In university classrooms—and especially the Obama White House—fancy theories of macroeconomics defy basic common sense.
Christina Romer, the University of California at Berkeley economics professor and President Obama's first chief economist, once relayed the old joke that "there are two kinds of students: those who hate economics and those who really hate economics." She doesn't believe that, but it's true. I'm surprised how many students tell me economics is their least favorite subject. Why? Because too often economic theories defy common sense. Alas, the policies of this administration haven't boosted the profession's reputation.
Consider what happened last week when Laura Meckler of this newspaper dared to ask White House Press Secretary Jay Carney how increasing unemployment insurance "creates jobs." She received this slap down: "I would expect a reporter from The Wall Street Journal would know this as part of the entrance exam just to get on the paper."
Mr. Carney explained that unemployment insurance "is one of the most direct ways to infuse money into the economy because people who are unemployed and obviously aren't earning a paycheck are going to spend the money that they get . . . and that creates growth and income for businesses that then lead them to making decisions about jobs—more hiring."
That's a perfect Keynesian answer, and also perfectly nonsensical. What the White House is telling us is that the more unemployed people we can pay for not working, the more people will work. Only someone with a Ph.D. in economics from an elite university would believe this.
I have two teenage sons. One worked all summer and the other sat on his duff. To stimulate the economy, the White House wants to take more money from the son who works and give it to the one who doesn't work. I can say with 100% certainty as a parent that in the Moore household this will lead to less work.
Economic bimboism is rampant in Washington. The Center for American Progress held a forum earlier this summer arguing that raising the minimum wage would create more jobs. For this to be true, you have to believe that the more it costs a business to hire a worker, the more workers companies will want to hire.
A few months ago Mr. Obama blamed high unemployment on businesses becoming "more efficient with a lot fewer workers," and he mentioned ATMs and airport kiosks. The Luddites are back raging against the machine. If Mr. Obama really wants to get to full employment, why not ban farm equipment?
Or consider the biggest whopper: Mr. Obama's thoroughly discredited $830 billion stimulus bill. We were promised $1.50 or even up to $3 of economic benefit—the mythical "multiplier"—from every dollar the government spent. There was never any acknowledgment that for the government to spend a dollar, it has to take it from the private economy that is then supposed to create jobs. The multiplier theory only works if you believe there's a fairy passing out free dollars.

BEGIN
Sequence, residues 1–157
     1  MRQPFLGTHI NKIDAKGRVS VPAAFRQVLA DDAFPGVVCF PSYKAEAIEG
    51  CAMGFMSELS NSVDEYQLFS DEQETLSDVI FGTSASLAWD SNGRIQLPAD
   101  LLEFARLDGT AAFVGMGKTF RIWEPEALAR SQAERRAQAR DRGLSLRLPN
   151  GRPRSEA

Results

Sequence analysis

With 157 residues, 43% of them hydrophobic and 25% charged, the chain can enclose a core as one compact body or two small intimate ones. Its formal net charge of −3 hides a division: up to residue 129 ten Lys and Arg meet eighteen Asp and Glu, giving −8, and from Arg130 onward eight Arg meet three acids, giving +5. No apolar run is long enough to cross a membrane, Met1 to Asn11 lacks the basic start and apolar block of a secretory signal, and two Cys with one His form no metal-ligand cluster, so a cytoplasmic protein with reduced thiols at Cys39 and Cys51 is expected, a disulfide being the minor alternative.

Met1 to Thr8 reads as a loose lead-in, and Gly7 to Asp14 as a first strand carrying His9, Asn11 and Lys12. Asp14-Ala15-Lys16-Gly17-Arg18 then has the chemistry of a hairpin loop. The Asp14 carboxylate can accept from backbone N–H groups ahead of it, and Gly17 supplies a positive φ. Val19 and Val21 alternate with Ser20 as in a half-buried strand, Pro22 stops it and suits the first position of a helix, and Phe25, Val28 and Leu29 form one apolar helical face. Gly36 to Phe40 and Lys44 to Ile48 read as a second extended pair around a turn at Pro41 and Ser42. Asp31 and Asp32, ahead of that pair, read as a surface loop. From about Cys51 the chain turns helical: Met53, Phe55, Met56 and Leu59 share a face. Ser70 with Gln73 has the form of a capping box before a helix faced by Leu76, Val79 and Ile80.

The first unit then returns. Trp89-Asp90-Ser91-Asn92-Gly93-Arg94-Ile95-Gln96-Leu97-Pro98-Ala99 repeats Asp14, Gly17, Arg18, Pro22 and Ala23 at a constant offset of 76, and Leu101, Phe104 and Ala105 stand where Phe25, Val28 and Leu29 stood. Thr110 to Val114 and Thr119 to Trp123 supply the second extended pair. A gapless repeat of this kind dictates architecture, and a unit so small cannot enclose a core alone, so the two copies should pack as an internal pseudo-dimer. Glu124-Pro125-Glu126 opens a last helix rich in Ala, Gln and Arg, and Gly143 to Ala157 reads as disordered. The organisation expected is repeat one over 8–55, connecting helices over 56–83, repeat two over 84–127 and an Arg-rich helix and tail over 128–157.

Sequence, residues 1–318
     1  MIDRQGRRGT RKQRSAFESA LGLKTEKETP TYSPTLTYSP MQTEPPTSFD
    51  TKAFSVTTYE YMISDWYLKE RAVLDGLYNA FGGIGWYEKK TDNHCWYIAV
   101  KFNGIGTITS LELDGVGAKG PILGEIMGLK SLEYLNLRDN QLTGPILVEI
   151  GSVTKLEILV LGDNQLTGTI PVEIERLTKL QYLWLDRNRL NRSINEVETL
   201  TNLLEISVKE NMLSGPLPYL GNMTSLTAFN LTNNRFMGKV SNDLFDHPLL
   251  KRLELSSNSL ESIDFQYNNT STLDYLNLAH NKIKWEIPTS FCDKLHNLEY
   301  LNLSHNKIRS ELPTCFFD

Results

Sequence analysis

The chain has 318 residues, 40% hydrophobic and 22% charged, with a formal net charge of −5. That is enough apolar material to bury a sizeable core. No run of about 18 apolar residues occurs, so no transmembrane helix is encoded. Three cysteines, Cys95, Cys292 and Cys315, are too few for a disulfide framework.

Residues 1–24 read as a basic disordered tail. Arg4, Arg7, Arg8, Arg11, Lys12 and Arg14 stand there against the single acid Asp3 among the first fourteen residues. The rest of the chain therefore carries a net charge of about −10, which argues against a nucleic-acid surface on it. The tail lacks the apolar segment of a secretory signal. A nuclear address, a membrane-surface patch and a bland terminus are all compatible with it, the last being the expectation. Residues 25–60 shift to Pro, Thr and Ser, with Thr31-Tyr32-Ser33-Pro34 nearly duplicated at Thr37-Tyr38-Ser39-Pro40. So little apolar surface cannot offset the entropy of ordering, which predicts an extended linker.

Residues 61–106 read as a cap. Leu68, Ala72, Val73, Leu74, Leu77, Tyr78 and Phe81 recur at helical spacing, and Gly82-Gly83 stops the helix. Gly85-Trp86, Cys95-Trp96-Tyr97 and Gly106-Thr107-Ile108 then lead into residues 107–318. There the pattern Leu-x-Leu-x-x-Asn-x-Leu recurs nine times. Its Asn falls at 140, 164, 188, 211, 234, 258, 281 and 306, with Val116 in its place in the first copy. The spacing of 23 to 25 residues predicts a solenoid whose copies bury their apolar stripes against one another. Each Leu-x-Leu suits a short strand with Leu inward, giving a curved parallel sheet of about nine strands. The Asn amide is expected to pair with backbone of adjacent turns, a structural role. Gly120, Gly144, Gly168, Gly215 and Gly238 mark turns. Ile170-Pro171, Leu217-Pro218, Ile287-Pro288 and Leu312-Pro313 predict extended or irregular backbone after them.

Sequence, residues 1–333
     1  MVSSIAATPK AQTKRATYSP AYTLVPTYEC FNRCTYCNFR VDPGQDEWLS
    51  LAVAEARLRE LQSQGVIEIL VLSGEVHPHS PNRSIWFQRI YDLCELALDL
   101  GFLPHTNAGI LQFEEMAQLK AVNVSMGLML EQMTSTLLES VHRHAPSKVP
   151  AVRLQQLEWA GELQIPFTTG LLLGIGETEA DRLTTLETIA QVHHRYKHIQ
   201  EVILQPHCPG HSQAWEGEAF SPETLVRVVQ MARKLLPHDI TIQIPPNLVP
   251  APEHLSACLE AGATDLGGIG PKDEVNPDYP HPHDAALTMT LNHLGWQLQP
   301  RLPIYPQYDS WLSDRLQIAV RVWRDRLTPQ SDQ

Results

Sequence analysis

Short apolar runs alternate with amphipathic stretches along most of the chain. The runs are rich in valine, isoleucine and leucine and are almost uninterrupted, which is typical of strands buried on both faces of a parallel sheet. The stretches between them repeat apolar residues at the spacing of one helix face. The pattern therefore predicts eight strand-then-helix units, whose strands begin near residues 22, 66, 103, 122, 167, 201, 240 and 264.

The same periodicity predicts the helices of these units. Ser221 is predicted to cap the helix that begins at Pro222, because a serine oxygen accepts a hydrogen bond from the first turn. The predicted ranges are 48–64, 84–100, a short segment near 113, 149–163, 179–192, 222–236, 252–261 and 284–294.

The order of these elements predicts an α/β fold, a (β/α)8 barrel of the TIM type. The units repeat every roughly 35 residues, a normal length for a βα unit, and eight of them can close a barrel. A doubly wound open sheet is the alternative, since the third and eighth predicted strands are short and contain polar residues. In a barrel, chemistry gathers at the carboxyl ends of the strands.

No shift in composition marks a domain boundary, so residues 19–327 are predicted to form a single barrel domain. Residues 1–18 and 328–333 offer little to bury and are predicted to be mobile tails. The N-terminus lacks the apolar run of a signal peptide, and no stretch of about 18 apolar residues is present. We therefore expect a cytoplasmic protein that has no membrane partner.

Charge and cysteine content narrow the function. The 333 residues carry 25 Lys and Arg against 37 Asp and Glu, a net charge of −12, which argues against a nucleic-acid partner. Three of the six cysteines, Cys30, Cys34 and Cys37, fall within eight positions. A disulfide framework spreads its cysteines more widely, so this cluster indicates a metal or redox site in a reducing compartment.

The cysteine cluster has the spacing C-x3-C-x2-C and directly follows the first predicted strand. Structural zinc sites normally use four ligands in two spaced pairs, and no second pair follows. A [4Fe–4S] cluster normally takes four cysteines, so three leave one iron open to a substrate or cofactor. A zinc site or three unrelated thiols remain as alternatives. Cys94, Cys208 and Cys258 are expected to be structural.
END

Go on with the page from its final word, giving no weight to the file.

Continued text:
How did modern economics fly off the rails? The answer is that the "invisible hand" of the free enterprise system, first explained in 1776 by Adam Smith, got tossed aside for the new "macroeconomics," a witchcraft that began to flourish in the 1930s during the rise of Keynes. Macroeconomics simply took basic laws of economics we know to be true for the firm or family—i.e., that demand curves are downward sloping; that when you tax something, you get less of it; that debts have to be repaid—and turned them on their head as national policy.
As Donald Boudreaux, professor of economics at George Mason University and author of the invaluable blog Cafe Hayek, puts it: "Macroeconomics was nothing more than a dismissal of the rules of economics." Over the years, this has led to some horrific blunders, such as the New Deal decision to pay farmers to burn crops and slaughter livestock to keep food prices high: To encourage food production, destroy it.
The grand pursuit of economics is to overcome scarcity and increase the production of goods and services. Keynesians believe that the economic problem is abundance: too much production and goods on the shelf and too few consumers. Consumers lined up for blocks to buy things in empty stores in communist Russia, but that never sparked production. In macroeconomics today, there is a fatal disregard for the heroes of the economy: the entrepreneur, the risk-taker, the one who innovates and creates the things we want to buy. "All economic problems are about removing impediments to supply, not demand," Arthur Laffer reminds us.
So here we are, three years of mostly impotent stimulus experiments and the economy still hobbled. Keynesians would be expected to be second-guessing the wisdom of their theories. Instead, Prof. Romer recently complained that the political system will not allow Mr. Obama to "go back and ask for more" stimulus.
And that is why Americans hate economics.
Mr. Moore is a member of the Journal's editorial board.